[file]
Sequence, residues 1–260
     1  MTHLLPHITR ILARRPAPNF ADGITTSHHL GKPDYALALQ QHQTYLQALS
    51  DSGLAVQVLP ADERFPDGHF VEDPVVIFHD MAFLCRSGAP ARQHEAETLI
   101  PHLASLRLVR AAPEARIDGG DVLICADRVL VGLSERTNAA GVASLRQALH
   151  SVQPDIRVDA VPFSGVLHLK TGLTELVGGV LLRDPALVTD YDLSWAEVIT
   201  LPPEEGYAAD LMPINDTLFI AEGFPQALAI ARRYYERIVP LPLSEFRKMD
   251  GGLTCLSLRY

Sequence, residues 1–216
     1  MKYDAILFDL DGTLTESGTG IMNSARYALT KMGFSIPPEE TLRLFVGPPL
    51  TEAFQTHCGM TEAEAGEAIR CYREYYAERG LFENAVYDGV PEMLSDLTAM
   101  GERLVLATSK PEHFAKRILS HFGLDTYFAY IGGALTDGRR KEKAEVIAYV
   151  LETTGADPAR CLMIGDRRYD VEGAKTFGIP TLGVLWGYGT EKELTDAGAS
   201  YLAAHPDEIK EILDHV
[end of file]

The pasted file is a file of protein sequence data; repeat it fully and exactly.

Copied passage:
Sequence, residues 1–260
     1  MTHLLPHITR ILARRPAPNF ADGITTSHHL GKPDYALALQ QHQTYLQALS
    51  DSGLAVQVLP ADERFPDGHF VEDPVVIFHD MAFLCRSGAP ARQHEAETLI
   101  PHLASLRLVR AAPEARIDGG DVLICADRVL VGLSERTNAA GVASLRQALH
   151  SVQPDIRVDA VPFSGVLHLK TGLTELVGGV LLRDPALVTD YDLSWAEVIT
   201  LPPEEGYAAD LMPINDTLFI AEGFPQALAI ARRYYERIVP LPLSEFRKMD
   251  GGLTCLSLRY

Sequence, residues 1–216
     1  MKYDAILFDL DGTLTESGTG IMNSARYALT KMGFSIPPEE TLRLFVGPPL
    51  TEAFQTHCGM TEAEAGEAIR CYREYYAERG LFENAVYDGV PEMLSDLTAM
   101  GERLVLATSK PEHFAKRILS HFGLDTYFAY IGGALTDGRR KEKAEVIAYV
   151  LETTGADPAR CLMIGDRRYD VEGAKTFGIP TLGVLWGYGT EKELTDAGAS
   201  YLAAHPDEIK EILDHV